“Government has absolutely no business telling Americans what they can do with their own time and their own money on their own computers, and that most certainly should apply to playing poker online. The fact that Americans are now prevented from playing online poker is an outrage. Unfortunately it is but another chilling example of how Congress and the Justice Department continue to trample on our personal liberty.

“As President, I will do everything in my power to restore your right to play online poker, and ensure that such a right can never be taken away again.”

Clear enough?

Did you ever heard such a statement from Barack Obama? No.

His campaign's web page about poker is here.

The fact that he is a strong supporter of individual liberty, constitutionally limited government, and strict fiscal responsibility makes him that much better a candidate. If he and Ron Paul are both still in the race when the Nevada primary rolls around, I'll have a difficult choice. Otherwise, either one is worlds better than anybody else running.

Guess the casino, #904







To reveal the hidden answer, use your mouse to highlight the space immediately after the word "Answer" below.




Answer: Green Valley Ranch

Wednesday, June 29, 2011

Big pot

Tonight I had the distinct honor of meeting the one and only Julius Goat. He and Shamus and I had plans to meet for dinner at the Rio, followed by Wednesday night pub trivia at McFadden's. So I decided to get in a couple of hours of poker before dinner.

Shortly before it was time to leave, this hand came up. I had 8d-9d in early position and limped. Middle-position guy raised to $10, followed by a late-position call. Small blind reraised to $25. I would normally not call a raise and reraise with this starting hand, especially from bad position. However, I looked left and saw that both of the other two players already had three red chips in hand, ready to toss in, so I was reasonably confident that no four-bet was coming to force me out.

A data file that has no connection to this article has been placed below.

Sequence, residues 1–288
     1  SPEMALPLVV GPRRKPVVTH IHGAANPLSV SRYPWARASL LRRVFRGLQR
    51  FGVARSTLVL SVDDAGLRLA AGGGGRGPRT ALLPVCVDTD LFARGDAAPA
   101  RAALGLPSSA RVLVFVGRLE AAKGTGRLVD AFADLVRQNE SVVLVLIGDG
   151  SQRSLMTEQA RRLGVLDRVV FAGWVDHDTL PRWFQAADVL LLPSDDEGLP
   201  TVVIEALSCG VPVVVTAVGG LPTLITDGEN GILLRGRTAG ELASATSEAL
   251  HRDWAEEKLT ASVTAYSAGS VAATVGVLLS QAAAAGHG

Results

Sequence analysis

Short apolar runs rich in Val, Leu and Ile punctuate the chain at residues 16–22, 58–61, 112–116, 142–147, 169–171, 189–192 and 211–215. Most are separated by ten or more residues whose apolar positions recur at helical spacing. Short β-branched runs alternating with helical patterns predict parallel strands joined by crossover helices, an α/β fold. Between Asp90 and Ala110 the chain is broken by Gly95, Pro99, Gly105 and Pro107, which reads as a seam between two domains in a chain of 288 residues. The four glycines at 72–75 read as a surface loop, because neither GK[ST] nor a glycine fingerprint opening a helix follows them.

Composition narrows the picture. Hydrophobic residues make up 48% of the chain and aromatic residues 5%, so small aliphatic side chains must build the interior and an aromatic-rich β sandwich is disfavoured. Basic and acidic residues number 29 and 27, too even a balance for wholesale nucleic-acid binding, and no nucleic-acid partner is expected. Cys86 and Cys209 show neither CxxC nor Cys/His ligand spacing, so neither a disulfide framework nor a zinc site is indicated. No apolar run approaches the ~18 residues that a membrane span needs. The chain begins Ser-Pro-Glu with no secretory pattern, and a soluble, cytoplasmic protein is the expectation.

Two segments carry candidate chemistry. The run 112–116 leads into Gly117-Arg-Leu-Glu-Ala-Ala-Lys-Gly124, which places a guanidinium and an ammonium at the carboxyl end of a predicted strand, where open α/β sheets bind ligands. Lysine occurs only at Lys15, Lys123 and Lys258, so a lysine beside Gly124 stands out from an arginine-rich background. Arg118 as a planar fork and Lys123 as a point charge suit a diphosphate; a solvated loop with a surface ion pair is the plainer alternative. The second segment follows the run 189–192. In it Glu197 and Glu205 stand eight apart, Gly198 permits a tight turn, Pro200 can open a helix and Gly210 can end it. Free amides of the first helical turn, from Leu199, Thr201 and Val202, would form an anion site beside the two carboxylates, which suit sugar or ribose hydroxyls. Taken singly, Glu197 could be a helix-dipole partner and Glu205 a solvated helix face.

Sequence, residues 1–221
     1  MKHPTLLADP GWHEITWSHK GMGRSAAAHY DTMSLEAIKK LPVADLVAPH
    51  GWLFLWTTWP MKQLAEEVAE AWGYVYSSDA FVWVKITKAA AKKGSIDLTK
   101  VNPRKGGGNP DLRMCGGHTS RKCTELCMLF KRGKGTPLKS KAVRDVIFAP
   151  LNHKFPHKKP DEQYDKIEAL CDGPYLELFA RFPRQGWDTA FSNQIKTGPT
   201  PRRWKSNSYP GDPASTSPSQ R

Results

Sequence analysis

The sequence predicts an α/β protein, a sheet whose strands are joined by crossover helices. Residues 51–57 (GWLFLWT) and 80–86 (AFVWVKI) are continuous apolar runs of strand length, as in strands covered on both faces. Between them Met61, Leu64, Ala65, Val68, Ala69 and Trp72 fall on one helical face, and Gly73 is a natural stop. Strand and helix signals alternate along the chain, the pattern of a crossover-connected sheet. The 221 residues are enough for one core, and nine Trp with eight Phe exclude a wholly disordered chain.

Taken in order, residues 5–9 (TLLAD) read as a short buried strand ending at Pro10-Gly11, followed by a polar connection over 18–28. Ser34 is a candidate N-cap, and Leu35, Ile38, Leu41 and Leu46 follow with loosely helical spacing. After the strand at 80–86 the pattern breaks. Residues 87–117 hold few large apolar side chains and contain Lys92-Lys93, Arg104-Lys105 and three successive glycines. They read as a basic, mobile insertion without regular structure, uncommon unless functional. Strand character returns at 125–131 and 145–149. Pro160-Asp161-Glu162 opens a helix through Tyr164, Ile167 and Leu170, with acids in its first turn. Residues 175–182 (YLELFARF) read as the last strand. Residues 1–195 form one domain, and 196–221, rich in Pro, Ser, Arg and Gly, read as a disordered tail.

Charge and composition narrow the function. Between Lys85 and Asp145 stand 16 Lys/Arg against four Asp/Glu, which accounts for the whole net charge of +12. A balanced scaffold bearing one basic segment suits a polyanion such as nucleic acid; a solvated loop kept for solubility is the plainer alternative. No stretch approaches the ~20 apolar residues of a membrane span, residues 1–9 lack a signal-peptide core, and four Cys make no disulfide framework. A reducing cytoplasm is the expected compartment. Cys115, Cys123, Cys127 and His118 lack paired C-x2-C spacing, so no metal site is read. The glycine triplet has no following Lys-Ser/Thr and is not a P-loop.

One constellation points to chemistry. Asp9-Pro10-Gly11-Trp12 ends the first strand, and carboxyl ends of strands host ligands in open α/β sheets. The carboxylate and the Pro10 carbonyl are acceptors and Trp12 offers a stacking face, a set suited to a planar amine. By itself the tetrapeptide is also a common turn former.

Besides--and here comes the part for which you are free to mock me mercilessly--I had a feeling. Normally, when I hear players say that they made some decision based on a statement like that, I just roll my eyes and sigh at the stupidity, so I'll understand and forgive in advance if you do the same to me. But I had a rather strong premonition that if I folded this hand, I'd regret it. This is a distinctly uncommon kind of experience for me. It's not like I'm getting such impulses on every hand. It probably means nothing more mysterious than some random neural firing, but I decided to go with it anyway. Again, not my usual approach to poker decision-making, and I won't try to justify or defend it further. I'm just telling you what happened.

As expected, both other players called, giving us a $100 pre-flop pot.

Flop: 4d-6c-7d, giving me both a flush draw and an open-ended straight draw. Assuming nobody else had a bigger diamond draw, that meant I had two pulls at 15 cards that would make me a winner. Not bad. In fact, it's precisely the kind of flop one most dearly hopes for when playing suited connectors in a multi-way pot.

Small blind bet $55--surely a big pocket pair, to be have reraised from out of position, then lead out into three opponents. Pot was now $150, after the rake. I had about $250 left behind. I spent maybe 20 seconds deciding whether to flat-call or shove. I couldn't get any read on what the other two were planning to do. I finally decided to risk losing customers with a shove, primarily because if any of my desired cards hit on the turn, it might then be hard to get any further action. I declared myself all in.

Middle-position guy was taken aback. He was visibly ambivalent about what to do, but finally said, "OK, let's do it," and pushed his stacks forward. He had me covered. Late-position guy, who had around $175 left, likewise shrugged, said, "OK," and moved his chips in. Small blind quickly folded, saying, "One pair is never good in that situation."

Middle-position guy had 6d-3d, for middle pair, baby flush draw, and gutshot straight flush draw. However, he groaned when he saw my cards, because the 5 to make his straight would give me a bigger one, and any diamond for his flush would also give me a bigger one. He had to hope that neither one of us improved and that his lowly pair of 6s would hold up, or that he got some runner-runner full house or his miracle 5d for the straight flush. The other player never showed.